been monitored.
 Stability of the process
 Predictability of the process
 Identification of common cause of variation
 Special conditions where the monitoring party needs to react

7. Pareto Charts

Pareto charts are used for identifying a set of priorities. You can chart any number of
issues/variables related to a specific concern and record the number of occurrences.

This way you can figure out the parameters that have the highest impact on the specific concern.

This helps you to work on the propriety issues in order to get the condition under control.


Above seven basic quality tools help you to address different concerns in an organization.

Therefore, use of such tools should be a basic practice in the organization in order to enhance the

Trainings on these tools should be included in the organizational orientation program, so all the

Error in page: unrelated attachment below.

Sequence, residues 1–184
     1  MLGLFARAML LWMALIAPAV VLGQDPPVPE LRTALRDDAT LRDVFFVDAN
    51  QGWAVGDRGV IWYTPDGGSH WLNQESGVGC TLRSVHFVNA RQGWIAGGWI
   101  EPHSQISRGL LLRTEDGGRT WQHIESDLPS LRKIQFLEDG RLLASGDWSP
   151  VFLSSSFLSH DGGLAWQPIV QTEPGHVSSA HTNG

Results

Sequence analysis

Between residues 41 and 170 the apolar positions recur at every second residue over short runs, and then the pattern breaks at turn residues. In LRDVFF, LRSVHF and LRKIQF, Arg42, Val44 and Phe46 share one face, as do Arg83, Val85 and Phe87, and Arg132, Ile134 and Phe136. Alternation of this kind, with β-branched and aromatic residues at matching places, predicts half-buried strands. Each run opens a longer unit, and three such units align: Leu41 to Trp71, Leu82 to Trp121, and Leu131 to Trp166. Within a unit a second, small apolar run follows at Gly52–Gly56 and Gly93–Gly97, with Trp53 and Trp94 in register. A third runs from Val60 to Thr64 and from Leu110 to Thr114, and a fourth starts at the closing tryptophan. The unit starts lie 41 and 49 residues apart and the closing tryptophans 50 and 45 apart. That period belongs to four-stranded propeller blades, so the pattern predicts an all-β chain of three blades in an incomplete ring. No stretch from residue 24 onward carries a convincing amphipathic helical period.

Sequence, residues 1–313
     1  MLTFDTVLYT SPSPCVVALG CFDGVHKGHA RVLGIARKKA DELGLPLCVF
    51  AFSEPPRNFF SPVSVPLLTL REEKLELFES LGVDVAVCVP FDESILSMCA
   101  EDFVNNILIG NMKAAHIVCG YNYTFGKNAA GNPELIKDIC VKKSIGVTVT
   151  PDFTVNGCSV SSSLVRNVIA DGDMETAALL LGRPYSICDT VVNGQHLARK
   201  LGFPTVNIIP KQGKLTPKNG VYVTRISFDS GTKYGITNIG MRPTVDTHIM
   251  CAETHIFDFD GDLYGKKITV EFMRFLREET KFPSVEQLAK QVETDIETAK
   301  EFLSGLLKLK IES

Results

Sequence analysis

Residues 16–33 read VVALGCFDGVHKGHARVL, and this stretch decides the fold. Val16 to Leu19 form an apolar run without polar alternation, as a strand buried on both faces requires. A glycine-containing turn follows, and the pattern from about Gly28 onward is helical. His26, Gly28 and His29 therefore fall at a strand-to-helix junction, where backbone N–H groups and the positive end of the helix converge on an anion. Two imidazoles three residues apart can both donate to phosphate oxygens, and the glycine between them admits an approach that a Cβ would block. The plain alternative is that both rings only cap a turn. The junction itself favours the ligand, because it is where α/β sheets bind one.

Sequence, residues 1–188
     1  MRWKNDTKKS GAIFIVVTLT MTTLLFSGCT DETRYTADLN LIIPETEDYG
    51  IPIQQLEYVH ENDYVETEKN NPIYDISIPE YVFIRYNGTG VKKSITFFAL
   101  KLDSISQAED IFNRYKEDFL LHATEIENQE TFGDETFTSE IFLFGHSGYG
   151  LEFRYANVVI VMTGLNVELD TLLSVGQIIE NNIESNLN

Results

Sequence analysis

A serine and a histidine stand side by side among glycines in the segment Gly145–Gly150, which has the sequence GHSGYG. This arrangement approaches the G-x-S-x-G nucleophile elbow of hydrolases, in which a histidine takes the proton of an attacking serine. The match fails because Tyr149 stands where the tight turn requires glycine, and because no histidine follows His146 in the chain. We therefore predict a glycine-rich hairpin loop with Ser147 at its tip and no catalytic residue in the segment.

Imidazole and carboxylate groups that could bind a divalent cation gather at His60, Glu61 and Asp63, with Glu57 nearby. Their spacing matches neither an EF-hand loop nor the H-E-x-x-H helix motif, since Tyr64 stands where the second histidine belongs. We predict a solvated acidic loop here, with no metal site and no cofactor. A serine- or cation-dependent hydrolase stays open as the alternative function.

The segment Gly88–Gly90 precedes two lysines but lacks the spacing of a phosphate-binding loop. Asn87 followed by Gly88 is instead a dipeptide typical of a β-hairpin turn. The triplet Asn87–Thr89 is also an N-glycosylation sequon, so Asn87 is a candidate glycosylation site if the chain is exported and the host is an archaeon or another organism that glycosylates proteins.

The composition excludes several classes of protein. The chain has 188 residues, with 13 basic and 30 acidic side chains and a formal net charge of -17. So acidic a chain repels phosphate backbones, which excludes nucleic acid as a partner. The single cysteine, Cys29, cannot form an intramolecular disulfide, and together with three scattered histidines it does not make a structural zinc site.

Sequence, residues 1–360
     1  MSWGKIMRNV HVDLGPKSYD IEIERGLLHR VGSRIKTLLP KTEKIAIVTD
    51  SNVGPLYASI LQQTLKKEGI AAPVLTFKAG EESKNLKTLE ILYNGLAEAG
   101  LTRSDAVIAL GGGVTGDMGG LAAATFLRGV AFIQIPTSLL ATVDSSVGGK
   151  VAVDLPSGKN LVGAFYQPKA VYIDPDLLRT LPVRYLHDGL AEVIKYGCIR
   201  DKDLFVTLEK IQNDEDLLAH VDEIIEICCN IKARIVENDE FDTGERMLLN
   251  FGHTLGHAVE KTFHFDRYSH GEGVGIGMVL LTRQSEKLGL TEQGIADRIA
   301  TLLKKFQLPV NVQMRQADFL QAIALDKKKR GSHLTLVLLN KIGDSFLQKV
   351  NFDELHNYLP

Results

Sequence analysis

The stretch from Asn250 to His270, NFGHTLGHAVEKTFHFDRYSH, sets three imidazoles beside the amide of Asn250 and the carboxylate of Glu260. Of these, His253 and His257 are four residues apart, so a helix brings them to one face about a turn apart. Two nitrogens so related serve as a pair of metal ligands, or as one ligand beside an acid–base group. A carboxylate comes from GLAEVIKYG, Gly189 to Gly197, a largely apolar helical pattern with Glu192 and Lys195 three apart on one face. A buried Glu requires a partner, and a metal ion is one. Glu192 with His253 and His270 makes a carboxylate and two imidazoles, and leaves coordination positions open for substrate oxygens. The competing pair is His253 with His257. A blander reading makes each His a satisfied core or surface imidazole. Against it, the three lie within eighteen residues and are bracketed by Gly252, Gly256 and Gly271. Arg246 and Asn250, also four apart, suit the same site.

staff members get to learn these basic tools.

5.5:-Overall equipment effectiveness

Overall equipment effectiveness (OEE) is a hierarchy of metrics developed by Seiichi Nakajima
in the 1960s to evaluate how effectively a manufacturing operation is utilized. It is based
on the Harrington Emerson way of thinking regarding labor efficiency. The results are

stated in a generic form which allows comparison between manufacturing units in differing
industries. It is not however an absolute measure and is best used to identify scope for process
performance improvement, and how to get the improvement. If for example the cycle time is